WASHINGTON — At her confirmation hearing in early 2021, Treasury Secretary Janet L. Yellen told lawmakers that it was time to “act big” on a pandemic relief package, playing down concerns about deficits at a time of perpetually low interest rates and warning that inaction could mean widespread economic “scarring.”
A year and a half later, prices are soaring and interest rates are marching higher. As a result, Ms. Yellen’s role in crafting and selling the $1.9 trillion American Rescue Plan, which Congress passed in March of last year, is being parsed amid an intensifying blame game to determine who is responsible for the highest inflation rates in 40 years. After months of pinning prices on temporary supply chain problems that would dissipate, Ms. Yellen acknowledged last week that she had gotten it “wrong,” putting the Biden administration on the defensive and thrusting herself into the middle of a political storm.
“I think I was wrong then about the path that inflation would take,” Ms. Yellen said in an interview with CNN, adding that the economy had faced unanticipated “shocks” that increased food and energy prices.
Republican lawmakers, who have spent months blaming President Biden and Democrats for rising prices, gleefully seized upon the admission as evidence that the administration had mismanaged the economy and should not be trusted to remain in political control.
The Treasury Department has scrambled to clarify Ms. Yellen’s remarks, saying her acknowledgment that she misread inflation simply meant that she could not have foreseen developments such as the war in Ukraine, new variants of the coronavirus or lockdowns in China. After a book excerpt suggested Ms. Yellen favored a stimulus package smaller than the $1.9 trillion that Congress approved last year, the Treasury released a denying statement that she had urged more spending restraint.
At this tenuous moment in her tenure, Ms. Yellen faced tough questions on inflation when she testified before the Senate Finance Committee on Tuesday and is likely to be similar queries on Wednesday, when she appears before House lawmakers. The hearings are ostensibly about the president’s budget request for the 2023 fiscal year, but Republicans are blaming Mr. Biden’s policies, including the $1.9 trillion stimulus package, for high prices for consumer products. Ms. Yellen’s comments have given them grist to cast his first term as a failure.
“How can Americans trust the Biden administration when the same people that were so wrong are still in charge?” said Tommy Pigott, rapid response director for the Republican National Committee.
The glare is particularly uncomfortable for Ms. Yellen, an economist and a former chair of the Federal Reserve, who prides herself on giving straight answers and staying above the political fray.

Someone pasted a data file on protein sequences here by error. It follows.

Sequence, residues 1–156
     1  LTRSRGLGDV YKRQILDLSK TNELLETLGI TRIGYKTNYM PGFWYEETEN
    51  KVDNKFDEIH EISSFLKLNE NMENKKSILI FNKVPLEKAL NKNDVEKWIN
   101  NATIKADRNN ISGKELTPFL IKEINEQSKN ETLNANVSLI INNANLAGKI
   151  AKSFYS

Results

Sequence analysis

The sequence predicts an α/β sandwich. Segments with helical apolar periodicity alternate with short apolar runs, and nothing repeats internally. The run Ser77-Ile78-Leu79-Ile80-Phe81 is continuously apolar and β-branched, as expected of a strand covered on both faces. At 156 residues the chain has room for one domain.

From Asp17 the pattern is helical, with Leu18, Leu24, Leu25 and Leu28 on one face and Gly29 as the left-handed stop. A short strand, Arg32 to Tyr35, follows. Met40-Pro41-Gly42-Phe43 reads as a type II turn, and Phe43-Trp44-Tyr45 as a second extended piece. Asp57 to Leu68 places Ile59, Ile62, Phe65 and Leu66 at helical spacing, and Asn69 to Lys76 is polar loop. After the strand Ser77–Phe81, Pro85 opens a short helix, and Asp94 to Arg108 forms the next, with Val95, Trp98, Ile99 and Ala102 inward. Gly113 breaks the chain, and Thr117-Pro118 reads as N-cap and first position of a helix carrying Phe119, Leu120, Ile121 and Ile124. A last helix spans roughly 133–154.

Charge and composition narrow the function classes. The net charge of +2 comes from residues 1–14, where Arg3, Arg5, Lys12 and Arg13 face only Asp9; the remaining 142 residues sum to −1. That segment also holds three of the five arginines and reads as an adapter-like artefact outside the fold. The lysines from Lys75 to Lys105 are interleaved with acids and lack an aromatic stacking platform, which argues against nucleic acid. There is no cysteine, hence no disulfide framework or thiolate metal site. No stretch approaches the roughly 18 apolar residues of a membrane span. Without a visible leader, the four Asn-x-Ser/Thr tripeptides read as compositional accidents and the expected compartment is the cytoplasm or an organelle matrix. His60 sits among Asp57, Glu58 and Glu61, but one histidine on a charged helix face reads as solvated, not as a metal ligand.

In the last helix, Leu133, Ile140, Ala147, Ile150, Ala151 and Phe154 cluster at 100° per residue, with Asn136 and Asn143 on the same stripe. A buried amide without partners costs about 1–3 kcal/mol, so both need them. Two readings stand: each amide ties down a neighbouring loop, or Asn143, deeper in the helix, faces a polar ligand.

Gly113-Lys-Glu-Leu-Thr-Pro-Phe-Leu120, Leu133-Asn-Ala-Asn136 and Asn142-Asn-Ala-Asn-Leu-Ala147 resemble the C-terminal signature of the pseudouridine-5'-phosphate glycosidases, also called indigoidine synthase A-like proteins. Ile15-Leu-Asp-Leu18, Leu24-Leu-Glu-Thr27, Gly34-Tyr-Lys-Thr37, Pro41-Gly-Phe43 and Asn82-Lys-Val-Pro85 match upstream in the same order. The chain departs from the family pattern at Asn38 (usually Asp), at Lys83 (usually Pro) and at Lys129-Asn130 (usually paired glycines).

Ms. Yellen said at the hearing on Tuesday that current levels of inflation were “unacceptable.” She pointed to “disruptions caused by the pandemic’s effect on supply chains, and the effects of supply-side disturbances to oil and food markets resulting from Russia’s war in Ukraine” as the primary reasons for high prices. She said Mr. Biden’s proposed clean energy initiatives and plans to reform the prescription drug market were measures that could lower costs for Americans.
In recent weeks, Ms. Yellen has had to defend the Biden administration’s economic policies even as fault lines have emerged within the economic team. She has expressed reservations about the lack of progress in rolling back some of the Trump administration’s China tariffs, which she views as taxes on consumers that were “not strategic,” and she has been reluctant to support student forgiveness debt proposals, which could further fuel inflation if people have more money to spend.
Over the weekend, Ms. Yellen came under fire again after an excerpt from a forthcoming biography of her indicated that she had sought unsuccessfully to pare down the pandemic aid bill because of inflation concerns. The Treasury Department released a rare Saturday statement from Ms. Yellen denying that she argued that the package was too big.
“I never urged adoption of a smaller American Rescue Plan package,” she said, insisting that the funds have helped the United States economy weather the pandemic and the fallout from Russia’s war in Ukraine.
Pressed by Senator Steve Daines, a Republican from Montana, about the extent to which the stimulus money fueled inflation, Ms. Yellen argued that countries around the world were all grappling with rising prices and yet pursued different fiscal policies.
“It can’t be the case that the bulk of the inflation that we’re experiencing reflects the impact of the ARP,” Ms. Yellen said.